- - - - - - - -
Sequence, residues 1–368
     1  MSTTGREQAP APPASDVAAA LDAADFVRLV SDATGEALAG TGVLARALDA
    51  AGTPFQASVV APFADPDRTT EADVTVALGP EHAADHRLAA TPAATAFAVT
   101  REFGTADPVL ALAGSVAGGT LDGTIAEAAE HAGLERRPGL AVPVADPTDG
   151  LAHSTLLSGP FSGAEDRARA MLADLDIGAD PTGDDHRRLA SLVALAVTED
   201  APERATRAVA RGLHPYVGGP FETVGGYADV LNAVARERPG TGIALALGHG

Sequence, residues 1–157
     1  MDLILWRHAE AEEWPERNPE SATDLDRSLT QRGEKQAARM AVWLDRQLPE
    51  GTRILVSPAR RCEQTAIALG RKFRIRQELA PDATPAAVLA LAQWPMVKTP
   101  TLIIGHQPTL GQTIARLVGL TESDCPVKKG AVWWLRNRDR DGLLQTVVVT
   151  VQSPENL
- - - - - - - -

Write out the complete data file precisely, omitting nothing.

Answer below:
Sequence, residues 1–368
     1  MSTTGREQAP APPASDVAAA LDAADFVRLV SDATGEALAG TGVLARALDA
    51  AGTPFQASVV APFADPDRTT EADVTVALGP EHAADHRLAA TPAATAFAVT
   101  REFGTADPVL ALAGSVAGGT LDGTIAEAAE HAGLERRPGL AVPVADPTDG
   151  LAHSTLLSGP FSGAEDRARA MLADLDIGAD PTGDDHRRLA SLVALAVTED
   201  APERATRAVA RGLHPYVGGP FETVGGYADV LNAVARERPG TGIALALGHG

Sequence, residues 1–157
     1  MDLILWRHAE AEEWPERNPE SATDLDRSLT QRGEKQAARM AVWLDRQLPE
    51  GTRILVSPAR RCEQTAIALG RKFRIRQELA PDATPAAVLA LAQWPMVKTP
   101  TLIIGHQPTL GQTIARLVGL TESDCPVKKG AVWWLRNRDR DGLLQTVVVT
   151  VQSPENL